“John was a generous and gentle man who wore comfortable white loafers,” says Dennis Sullivan, a Phoenix native whose father became friends with van Hengel at a Catholic Cursillo retreat. “When they got especially dirty, he would apply a fresh coat of white house paint.”
Van Hengel became a regular at Sullivan family meals, and was the only person allowed to smoke in their house. “Dinner was often served in two big, yellow, enamel [and] cast iron pots,” Sullivan says of supper with his parents, nine siblings and van Hengel. “He would bring expired bread that he had collected from stores. My favorite was the raisin bread, a treat we never bought.”
For fun, van Hengel visited a pub weekly and went to horse and dog tracks. “John often had his racing sheets when he visited,” Sullivan says. “He entertained us with stories of the trifecta that he just missed.” He went to the tracks with the head of St. Mary’s Catholic High School, who had a “gift” for calling races. Winnings were donated to charity.
Van Hengel organized other food banks around Arizona and eventually took the movement national when he started Second Harvest in 1976. Second Harvest, which facilitated food banks receiving donated goods, had more than 180 members when van Hengel returned to St. Mary’s in 1983. The following year, he founded Food Banking Inc., a nonprofit consulting firm that expanded food banks overseas.
Unassuming to the end, van Hengel worked at St. Mary’s until he died at the age of 82 in 2005. “John didn’t care about getting credit for things,” Morris, a former journalist, says. “I wanted to write a book about him, but he wasn’t interested.” Van Hengel modestly reflected on his work in 1987: “I’d be a fool if I pretended to have any great vision,” he told the Republic. “I just planted a seed and water came from a hundred directions.”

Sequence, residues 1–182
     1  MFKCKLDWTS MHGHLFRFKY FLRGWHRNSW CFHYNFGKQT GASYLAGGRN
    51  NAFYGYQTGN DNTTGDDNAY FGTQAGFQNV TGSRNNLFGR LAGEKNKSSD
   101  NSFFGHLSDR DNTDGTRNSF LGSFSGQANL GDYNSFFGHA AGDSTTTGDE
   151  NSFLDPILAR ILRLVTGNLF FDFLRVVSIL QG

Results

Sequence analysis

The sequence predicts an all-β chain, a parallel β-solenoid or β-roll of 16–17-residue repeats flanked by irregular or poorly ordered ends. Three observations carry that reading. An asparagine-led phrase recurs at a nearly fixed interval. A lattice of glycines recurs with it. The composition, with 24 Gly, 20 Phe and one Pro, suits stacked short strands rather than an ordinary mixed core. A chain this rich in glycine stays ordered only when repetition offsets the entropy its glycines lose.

Others, however, recognized van Hengel’s impact. “John changed the world,” Terry Shannon, director of the St. Mary’s Westside Food Bank Alliance, wrote in a 2005 tribute. “He created this wonderful, simple, brilliant concept of food banking and he touched millions. What a legacy!”
Van Hengel was the recipient of numerous honors, including an America’s Award, often described as “the Nobel Prize for goodness,” in 1992. There was only one accolade, however, that he savored, the nickname his St. Mary’s Food Bank coworkers gave him: “the Mother Teresa of celery.”
Of the many groceries donated to St. Mary’s Food Bank, there have been TV dinners with bent aluminum trays, mislabeled canned goods, bags leaking rice and sugar, and some with more memorable quirks:
The food bank was expecting the frozen variety, but these were very much alive.
37 railroad cars of raisin cereal
The manufacturer added too many raisins.
A “tremendous quantity” of fudge sauce
The manufacturer forgot to add sugar.
143 cases of anchovies
The food bank had to solicit recipe ideas.
2.4 million bottles of grapefruit juice
The contents were discolored.
1 million marshmallow bunnies
Unsold Easter items.
19 semi-trailers of trout stuffed with crab
Labeled “Golden Trout,” it didn’t sell because customers thought it was carp.
75,000 cases of miller beer
The food bank declined this donation that undoubtedly would have proved popular. The brewery accidentally under-filled the cans.